NOW, THEREFORE, I, DONALD J. TRUMP, President of the United States of America, by virtue of the authority vested in me by the Constitution and the laws of the United States, do hereby proclaim Thursday, November 28, 2019, as a National Day of Thanksgiving.  I encourage all Americans to gather, in homes and places of worship, to offer a prayer of thanks to God for our many blessings.
IN WITNESS WHEREOF, I have hereunto set my hand this
twenty-seventh day of November, in the year of our Lord two thousand nineteen, and of the Independence of the United States of America the two hundred and forty-fourth.

DONALD J. TRUMP

Saturday, November 23, 2019

Father Rutler: Christ the King

Father George W. Rutler
If from time to time you have a sense that all things held dear in both Church and State seem to be collapsing, you might find a comrade in the Irish poet William Butler Yeats:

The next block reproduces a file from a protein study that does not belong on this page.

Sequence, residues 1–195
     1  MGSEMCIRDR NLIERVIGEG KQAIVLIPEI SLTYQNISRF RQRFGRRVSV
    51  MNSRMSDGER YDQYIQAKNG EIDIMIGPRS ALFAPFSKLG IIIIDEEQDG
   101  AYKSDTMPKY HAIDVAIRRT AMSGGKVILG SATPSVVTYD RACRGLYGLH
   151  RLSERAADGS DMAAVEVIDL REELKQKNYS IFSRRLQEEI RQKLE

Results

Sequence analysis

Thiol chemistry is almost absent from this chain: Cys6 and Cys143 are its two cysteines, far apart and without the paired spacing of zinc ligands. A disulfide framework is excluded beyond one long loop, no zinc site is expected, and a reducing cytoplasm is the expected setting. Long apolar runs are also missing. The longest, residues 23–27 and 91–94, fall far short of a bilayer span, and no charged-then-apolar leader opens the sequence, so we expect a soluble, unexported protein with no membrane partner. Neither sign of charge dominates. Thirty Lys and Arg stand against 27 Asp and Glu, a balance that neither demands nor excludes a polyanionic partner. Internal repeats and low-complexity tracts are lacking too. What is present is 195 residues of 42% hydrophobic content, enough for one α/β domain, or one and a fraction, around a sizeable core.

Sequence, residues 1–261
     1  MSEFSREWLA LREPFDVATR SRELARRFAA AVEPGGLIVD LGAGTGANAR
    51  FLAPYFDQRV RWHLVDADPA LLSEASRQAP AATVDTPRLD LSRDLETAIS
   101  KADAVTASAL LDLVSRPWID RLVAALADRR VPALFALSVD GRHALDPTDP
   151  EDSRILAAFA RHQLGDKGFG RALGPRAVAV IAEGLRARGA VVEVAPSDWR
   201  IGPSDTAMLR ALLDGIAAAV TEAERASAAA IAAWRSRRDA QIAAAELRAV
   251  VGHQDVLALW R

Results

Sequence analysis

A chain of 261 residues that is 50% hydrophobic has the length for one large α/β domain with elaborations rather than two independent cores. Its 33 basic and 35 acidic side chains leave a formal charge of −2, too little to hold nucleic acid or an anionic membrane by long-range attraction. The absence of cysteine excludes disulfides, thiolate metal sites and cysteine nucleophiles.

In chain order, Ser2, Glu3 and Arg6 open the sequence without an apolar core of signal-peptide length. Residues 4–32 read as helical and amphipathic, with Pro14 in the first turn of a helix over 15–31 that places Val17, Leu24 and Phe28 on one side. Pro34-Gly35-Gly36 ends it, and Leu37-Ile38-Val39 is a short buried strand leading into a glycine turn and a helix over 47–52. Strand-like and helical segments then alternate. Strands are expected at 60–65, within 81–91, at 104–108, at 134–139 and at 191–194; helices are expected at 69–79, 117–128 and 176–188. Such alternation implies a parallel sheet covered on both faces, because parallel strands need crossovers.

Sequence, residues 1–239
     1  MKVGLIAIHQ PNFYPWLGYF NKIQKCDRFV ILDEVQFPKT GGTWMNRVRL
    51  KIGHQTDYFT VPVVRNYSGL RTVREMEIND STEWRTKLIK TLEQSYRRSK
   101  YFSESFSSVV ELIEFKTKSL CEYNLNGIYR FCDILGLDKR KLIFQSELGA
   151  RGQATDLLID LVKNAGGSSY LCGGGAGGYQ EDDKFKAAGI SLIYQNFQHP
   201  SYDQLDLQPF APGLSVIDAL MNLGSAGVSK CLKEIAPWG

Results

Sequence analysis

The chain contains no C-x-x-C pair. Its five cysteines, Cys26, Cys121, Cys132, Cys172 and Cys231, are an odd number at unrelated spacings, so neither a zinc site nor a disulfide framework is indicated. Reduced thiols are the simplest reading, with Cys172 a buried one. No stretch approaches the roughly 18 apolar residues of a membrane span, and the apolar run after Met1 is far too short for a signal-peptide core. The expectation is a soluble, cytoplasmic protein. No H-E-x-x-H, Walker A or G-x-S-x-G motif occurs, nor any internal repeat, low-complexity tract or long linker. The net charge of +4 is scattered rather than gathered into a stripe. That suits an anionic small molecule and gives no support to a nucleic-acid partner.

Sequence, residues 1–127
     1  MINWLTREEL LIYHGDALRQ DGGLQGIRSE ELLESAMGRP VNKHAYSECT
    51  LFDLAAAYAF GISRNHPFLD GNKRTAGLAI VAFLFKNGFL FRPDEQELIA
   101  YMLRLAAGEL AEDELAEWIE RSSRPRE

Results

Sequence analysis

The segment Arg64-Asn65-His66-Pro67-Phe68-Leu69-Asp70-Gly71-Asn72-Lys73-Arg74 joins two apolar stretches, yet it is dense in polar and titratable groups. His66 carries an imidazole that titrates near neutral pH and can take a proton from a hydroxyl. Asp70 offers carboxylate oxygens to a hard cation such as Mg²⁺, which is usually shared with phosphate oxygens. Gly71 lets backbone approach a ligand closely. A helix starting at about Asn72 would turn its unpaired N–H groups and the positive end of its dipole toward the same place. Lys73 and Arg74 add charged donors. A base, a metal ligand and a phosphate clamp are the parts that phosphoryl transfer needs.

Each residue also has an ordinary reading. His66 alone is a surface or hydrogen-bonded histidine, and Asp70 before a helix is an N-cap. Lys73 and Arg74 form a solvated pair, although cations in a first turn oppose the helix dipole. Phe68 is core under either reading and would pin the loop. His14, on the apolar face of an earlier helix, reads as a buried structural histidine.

Things fall apart; the centre cannot hold;
Mere anarchy is loosed upon the world,
The blood-dimmed tide is loosed, and everywhere
The ceremony of innocence is drowned;
The best lack all conviction, while the worst
Are full of passionate intensity. 
Yeats wrote that in 1919, and we are now in 2019. Actually, things have been falling apart since the Fall of Man. Each age has to contend with that collapse, and each has had recourse to Christ as the solution. In 1925, Pope Pius XI proclaimed the Feast of Christ the King. Not King of various nations cobbled together, but King of the Universe. “The Son is the image of the invisible God, the firstborn over all creation. . . . He is before all things, and in him all things hold together” (Colossians 1:15, 17).
Jesus Christ is the Word that brought into existence all that was in the mind of his divine Father. His kingship consists in the power of his Logos, which orders all things and is energized by the love between him and the Father, which pours forth as the Holy Spirit.  “In the beginning was the Word [‘Logos’] . . .” (John 1:1).